Customary And Islamic Law & Its Development In Kenya
Published in: Legalbrief AfricaDate: Mon 11 October 2004Category: KenyaIssue No: 100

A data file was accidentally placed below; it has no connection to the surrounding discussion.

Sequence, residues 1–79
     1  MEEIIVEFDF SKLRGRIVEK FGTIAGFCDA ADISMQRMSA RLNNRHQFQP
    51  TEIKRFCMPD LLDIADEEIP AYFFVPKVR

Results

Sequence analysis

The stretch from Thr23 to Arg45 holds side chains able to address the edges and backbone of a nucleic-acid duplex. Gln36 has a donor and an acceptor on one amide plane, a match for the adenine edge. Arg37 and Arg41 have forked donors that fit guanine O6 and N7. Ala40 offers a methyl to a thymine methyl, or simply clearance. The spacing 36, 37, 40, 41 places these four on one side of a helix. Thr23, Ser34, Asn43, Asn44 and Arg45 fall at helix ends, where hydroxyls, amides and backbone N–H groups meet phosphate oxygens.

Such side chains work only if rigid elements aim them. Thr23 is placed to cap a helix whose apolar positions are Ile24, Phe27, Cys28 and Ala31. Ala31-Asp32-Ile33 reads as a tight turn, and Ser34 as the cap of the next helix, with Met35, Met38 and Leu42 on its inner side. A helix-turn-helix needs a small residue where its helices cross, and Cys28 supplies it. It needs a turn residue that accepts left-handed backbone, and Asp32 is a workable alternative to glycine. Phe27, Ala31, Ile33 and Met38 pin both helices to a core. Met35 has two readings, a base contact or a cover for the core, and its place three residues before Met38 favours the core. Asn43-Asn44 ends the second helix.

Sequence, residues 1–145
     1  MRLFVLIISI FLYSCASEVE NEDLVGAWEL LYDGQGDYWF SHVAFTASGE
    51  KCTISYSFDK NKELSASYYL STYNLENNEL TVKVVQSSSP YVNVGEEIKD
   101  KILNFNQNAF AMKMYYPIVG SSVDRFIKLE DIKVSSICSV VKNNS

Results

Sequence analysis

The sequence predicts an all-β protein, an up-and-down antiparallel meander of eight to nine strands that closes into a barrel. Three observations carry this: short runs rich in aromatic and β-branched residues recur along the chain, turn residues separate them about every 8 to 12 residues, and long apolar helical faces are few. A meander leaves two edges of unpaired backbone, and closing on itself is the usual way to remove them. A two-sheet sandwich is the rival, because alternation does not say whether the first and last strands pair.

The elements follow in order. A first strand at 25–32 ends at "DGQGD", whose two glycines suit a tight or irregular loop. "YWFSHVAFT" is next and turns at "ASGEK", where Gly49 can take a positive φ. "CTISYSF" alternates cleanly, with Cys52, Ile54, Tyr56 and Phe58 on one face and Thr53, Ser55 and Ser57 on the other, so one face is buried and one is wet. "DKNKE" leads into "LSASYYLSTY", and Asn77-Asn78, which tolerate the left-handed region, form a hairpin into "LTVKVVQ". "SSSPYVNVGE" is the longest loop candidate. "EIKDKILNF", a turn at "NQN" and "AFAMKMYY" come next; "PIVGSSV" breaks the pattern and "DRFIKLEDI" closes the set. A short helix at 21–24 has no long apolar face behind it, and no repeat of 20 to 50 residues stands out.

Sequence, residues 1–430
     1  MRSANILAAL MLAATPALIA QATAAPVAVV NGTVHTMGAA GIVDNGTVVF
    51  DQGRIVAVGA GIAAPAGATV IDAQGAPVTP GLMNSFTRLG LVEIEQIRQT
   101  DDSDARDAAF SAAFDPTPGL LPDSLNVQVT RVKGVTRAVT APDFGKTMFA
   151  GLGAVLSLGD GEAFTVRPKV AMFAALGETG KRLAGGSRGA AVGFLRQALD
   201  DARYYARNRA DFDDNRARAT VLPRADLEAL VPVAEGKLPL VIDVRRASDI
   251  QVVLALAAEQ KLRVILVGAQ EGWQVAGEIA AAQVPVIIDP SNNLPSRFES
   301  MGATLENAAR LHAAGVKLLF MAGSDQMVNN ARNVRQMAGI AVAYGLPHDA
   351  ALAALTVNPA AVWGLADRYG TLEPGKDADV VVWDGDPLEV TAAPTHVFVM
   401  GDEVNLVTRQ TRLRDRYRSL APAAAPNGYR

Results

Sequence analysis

A. THE ORIGINS OF THE LEGAL SYSTEMGeneral backgroundThe legal system is based on English common law, African customary law and Islamic law. African customary law is used as a guide in civil cases affecting people of the same ethnic group so long as this does not conflict with statutory law. This article firstly looks at the origins of the legal system; it then moves on to the current position and finally looks at the future developments in Islamic and Customary law in Kenya. Under the British Protectorate, Kenya had parallel legal systems comprising: (a) The African Courts applied customary law, with appeals lying with the African Appeals Court, then with the District Officer and then a Court of Review; and (b) Muslim personal law was applied by Courts of Liwalis, Mudirs and Kadhis, with appeals lying with the Supreme Court (renamed High Court post-independence).Integrating the legal systemThe process of integrating the judicial system began in 1962 when powers of the administrative officers to review African Courts' proceedings were transferred to magistrates. The process was completed by the passage of two acts in 1967, namely:(a) The Magistrates' Courts Act 1967 - this abolished African Courts and the Court of Review and instead established District and Resident Magistrate's Courts and a High Court; and(b) The Kadhis' Courts Act 1967 - this established six Kadhis' Courts for the application of Muslim personal status law.Development of marriage law, divorce law and inheritance lawIn 1967, two commissions (appointed by the President) started looking into marriage, divorce and inheritance law, and produced drafts of uniform family and inheritance codes to replace the existing customary, statutory, Islamic and Hindu laws then in force.The commission reviewing marriage and divorce law produced a draft code, but since the 1970s efforts to enact a uniform marriage law have been unsuccessful. Marriage law continues to be governed by several regimes: Civil, Christian, Hindu and Muslim marriages are governed by separate legislation and communal laws and customary law marriages are also afforded official recognition.In relation to inheritance law, four systems of succession existed in Kenya until 1981, namely:(a) The European system - based on statute and common law;(b) The Asian system - initially based on Hindu customary law and later on statute;(c) The Muslim system - based on the principles stated in the Quran; and (d) The African system - based on the African customary law, which varied from one community to another.The post-independence government was aware of this diversity and an attempt was made to establish a uniform code of succession applying equally to all. The commission reviewing this area recommended a uniform code applicable with certain exceptions for customary laws. The bill was eventually passed in 1972 as the Law of Succession Act CAP160, but it only came into force in 1981.When the Succession Act was passed in 1972, Muslims, including the Kadhis, vowed to ignore it and continue to apply Muslim laws of succession. The Kenyan Muslim community protested through newspaper editorials, petitions and heated public demonstrations in Mombasa in the early 1980s. The Succession Act was ultimately amended to exclude application to Muslims in the early 1990s.B. THE CURRENT POSITIONThere are currently four levels of Courts in Kenya: Resident and District Magistrates' Courts, Senior Resident and Chief Magistrates' Courts, a High Court and the Court of Appeal. Islamic law is applied by Kadhis' Courts, and there are eight such Courts, presided over by a Chief Kadhi or a Kadhi appointed by the Judicial Services Commission. Appeals lie to the High Court, sitting with the Chief Kadhi or two other Kadhis as assessor(s). Islamic personal law The protectorate-era legislation relating to the application of Islamic personal law has been retained. The Acts in force (Mohammedan Marriage and Divorce Registration Act 1906, Mohammedan Marriage, Divorce and Succession Act 1920 and Kadhis' Courts Act 1967) afford recognition to marriages solemnised under Islamic law, provide for the registration of Muslim marriages and divorces, delineate the jurisdiction and procedure of Kadhis' Courts and instruct the application of the principles of personal law applicable to the parties involved, without substantive codification of that law.Constitutional status of Islamic law The Constitution, which was adopted on 12 December 1963 (amended several times thereafter) provides for the establishment of Kadhis' Courts (Article 66(1) to (5)). Kadhis' CourtsThe Kadhis' Courts have been established by the Kadhis' Court Act (Cap. 11), which is based on provisions of Section 65 of the Constitution of Kenya. The Kadhis' Court Act provides that there shall be a Chief Kadhi and a specific number of Kadhis not being less than three and not more than twelve. At present there are eight Kadhis' Courts. The Kadhis' Court is presided over by the Chief Kadhi or a Kadhi. The Chief Kadhi and Kadhi are appointed by the Judicial Service Commission of Kenya. A person to be appointed a Chief Kadhi or a Kadhi must have the qualifications prescribed.The jurisdiction of a Kadhis' Court is defined in section 5 of the Kadhis' Court Act.The provisions of the Evidence Act (Cap. 80) do not apply in Kadhis' courts. The law of evidence applicable to a Kadhis' Court is the Muslim Law of Evidence. The Muslim Law of Evidence, however, is subject to the conditions as per section 6 of Kadhis' Courts Act.Appeals from a Kadhis' Court lie with the High Court. In such a case, the High Court sits with the Chief Kadhi or two other Kadhis as an assessor or assessors.The Kadhis' Courts Act does not give Kadhis' Courts exclusive jurisdiction to Kadhis' Courts over matters concerned with Muslim personal law. The High Court and subordinate courts may hear and determine matters that are Muslim personal matters, and the courts do not need to apply Muslim law.The Appellate ProcessAs the appellate court for Kadhis' Court decisions, the Kenyan High Court differs from the Kadhis' Courts. In the High Court, parties to an appeal must be represented by advocates, who, even if they are Muslims, often are not trained in Islamic law. Consequently, memoranda of appeal routinely cite principles of secular rather than Islamic law. Appeals are reviewed by a High Court judge and at least one assessor from among the Kadhis. Kadhis claim that secular judges pay little attention to the complexity of Islamic law or its correct application. When Islamic legal principles are turned aside, the appellate process itself poses a challenge to the autonomy of the Kadhis' Courts and to the authority of Islamic law.Even though appeals are rare and appellate decisions even rarer, the appeals process challenges the autonomy of the Kadhis' Courts. Claimants in the lower court realise that they can go beyond the Kadhis, even the Chief Kadhi, in pursuing a claim, and some declare their intention to do so after losing a case. In theory, any court of appeal poses such a threat. In coastal Kenya, however, appeals challenge the authority of an entire legal tradition, as they move from Islamic courts into the realm of secular law and thus from the discourse of Islam to that of state law.African Customary law It is the law of small-scale communities which people living in these communities take for granted as part of their everyday experience but it excludes outsiders who, to get any account of it, either have to be told about it or read about it. Customary law is sometimes difficult to track since there are as many customary laws as there are tribal communities and despite the general consensus on certain fundamental principles, there are nuances in each that only one well versed with the community's way of life can identify. The hallmark of African customary law is the dominance of older male members over property and lives of women and their juniors. There are no customary or traditional Courts in Kenya. The national Courts use the customary law of an ethnic group as a guide in civil matters so long as it does not conflict with statutory law. This is done most often in cases that involve marriage, death and inheritance issues and in which there is an original contract founded in customary law. For example, if a couple married under national law, then their divorce is adjudicated under national law, but if they married under customary law, then their divorce is adjudicated under customary law. Citizens may choose between national and customary law when they enter into marriage or other contracts; thereafter, however, the Courts determine which kind of law governs the enforcement of the contract. The current Constitution does expressly state that, in relation to the use of land, rights held under African customary law are to be respected or fully compensated, unless they are repugnant to any written laws.C. FUTURE DEVELOPMENTSIn relation to customary law, there has been considerable opposition by women's organisations that are seeking to eliminate customary law on the basis that it is biased in favour of men; but ,this does not appear to have had a large impact.Since 2002, there has been a controversy, as Kenya debates a new Constitution over proposals for the institution of Islamic Law Courts. The draft Constitution, made available in October 2002 by the Constitution of Kenya Review Commission, proposes the establishment of Islamic Courts at all levels of the judiciary system. Other religious representatives- Christian, Hindu, traditional African faiths-argued that the proposal would entail an unjustifiable preferential treatment for Islam. Muslim leaders, though, say the separate Courts are an essential element in establishing an adequate judicial system. Critics also state that that proposed system would give Kenyan Muslims a separate system of justice. In response, Muslims argue that Kenya's existing Courts do not adequately address the Islamic understanding of issues such as marriage, inheritance and divorce. Earlier in the year, in July, some Kenyan Church leaders filed a constitutional reference seeking various declaratory orders. They contended that the entrenchment of the Kadhis' Courts in the Constitution is the first step towards the introduction of Sharia laws, which they termed as "discriminatory, dangerous, unjust, detrimental and unconstitutional". They also wanted Section 66 of the Constitution of Kenya, which introduces and entrenches Kadhis' Courts, declared unconstitutional and to be expunged in its entirety from the Constitution.As Kenya moves closer to a new Constitution, it remains to be seen whether or not the Kadhis' Courts will remain entrenched in the Constitution of Kenya.